Today most breakfast drinking takes place on airplanes. Why? Because we are surrounded by people we are not likely to see again, and so we feel a sense of freedom from artificial social impositions. If you think about it, once the silly taboo against breakfast drinking is crushed, many possibilities present themselves.
If you ask people their favorite breakfast drinks, and press the issue, you eventually find that in addition to the ones above, these are the best beloved.
The Bloody Mary: It is made from a jigger and a half of Vodka, a few drops of Tabasco sauce, 3 jiggers of tomato juice, pepper, some lemon juice, salt, and a bit of Worcestershire sauce.
The Mimosa: champagne and orange juice to taste. But actually you can add champagne to any fruit juice and create an amazingly festive break of day. It's unclear precisely what makes the difference, but I have a theory that it is just the popping of the champagne cork first thing in the morning. You can try this at home. Wake up late, shower, and then pull out and open a chilled bottle. The action alone creates a bigger rush than you can get from any evening martini.
Both of these drinks today are called "Doghair Drinks" as in the old saying that one should eat a bit of the hair of the tail of dog that bit you. Strange saying but it refers to the idea that one should have a bit more of the same drink of which you drank too much the night before, all toward the goal of curing the hangover.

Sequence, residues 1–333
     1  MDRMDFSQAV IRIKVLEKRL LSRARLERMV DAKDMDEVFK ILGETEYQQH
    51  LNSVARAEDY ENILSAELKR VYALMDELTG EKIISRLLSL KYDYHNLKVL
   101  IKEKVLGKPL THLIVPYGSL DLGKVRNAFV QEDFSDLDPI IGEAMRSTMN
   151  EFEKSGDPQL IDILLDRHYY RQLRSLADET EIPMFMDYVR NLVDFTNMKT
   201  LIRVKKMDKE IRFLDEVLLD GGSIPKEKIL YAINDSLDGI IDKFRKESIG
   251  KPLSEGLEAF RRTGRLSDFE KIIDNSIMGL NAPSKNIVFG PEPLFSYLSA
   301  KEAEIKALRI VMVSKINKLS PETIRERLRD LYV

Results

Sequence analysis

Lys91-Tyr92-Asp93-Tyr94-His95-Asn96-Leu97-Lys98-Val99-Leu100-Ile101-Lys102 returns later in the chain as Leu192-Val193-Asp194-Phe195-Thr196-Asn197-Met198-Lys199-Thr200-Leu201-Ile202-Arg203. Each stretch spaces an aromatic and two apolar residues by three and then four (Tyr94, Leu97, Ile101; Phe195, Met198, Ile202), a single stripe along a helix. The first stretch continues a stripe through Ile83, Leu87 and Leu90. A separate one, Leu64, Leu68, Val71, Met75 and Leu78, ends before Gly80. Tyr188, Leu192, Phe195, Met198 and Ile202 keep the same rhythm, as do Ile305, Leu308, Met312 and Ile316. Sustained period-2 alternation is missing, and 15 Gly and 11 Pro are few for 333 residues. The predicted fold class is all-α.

Do you see what is happening here? The breakfast drink is being snuck in under the label of medicine as a way of evading the social taboo against liquor before noon. That's just silly. You don't need an excuse, particularly not a medicinal one. You can have a bloody mary or a mimosa anytime!
Along the same lines there is rum and 7-up, rum and apple cider, and this interesting one just called "The Breakfast Drink": jigger Vodka, jigger Peach Schnapps, cup of Orange Juice, 2 jiggers raspberry Liqueur, ½ cup of Collins mix. Fascinating!
For all the wonders and complications of that latter suggestion, I still can't get past the simplicity and clarity of my favorite of all time: a small glass of port wine.
Maybe it is an age thing. I like the idea of the Guinness, the courage it takes to drink moonshine, the fussiness that comes with a mimosa, the bold stroke of the Bloody Mary, and the sheer decadence associated with "the Breakfast Drink" but somehow the clarity and stability of the glass of port - which recalls the glory of Colonial America - seems just right and just what is needed to join the movement to smash this ridiculous taboo against morning drinking.
A final note on a frequent objection: morning drinking diminishes one's productivity during the day. This is true, of course, but particularly for adults who process liquor more slowly. This underscores a point that cannot be emphasized enough: like smoking, morning drinking is particularly suited for the young, meaning under the age of 25. Their systems are robust and can handle it better. Don't waste your youth: it is up to you to bring back the breakfast drink!
* * Jeffrey Tucker is the editor of Mises.Org. * *
Labels: Beer and Elsewhere, Jeffrey Tucker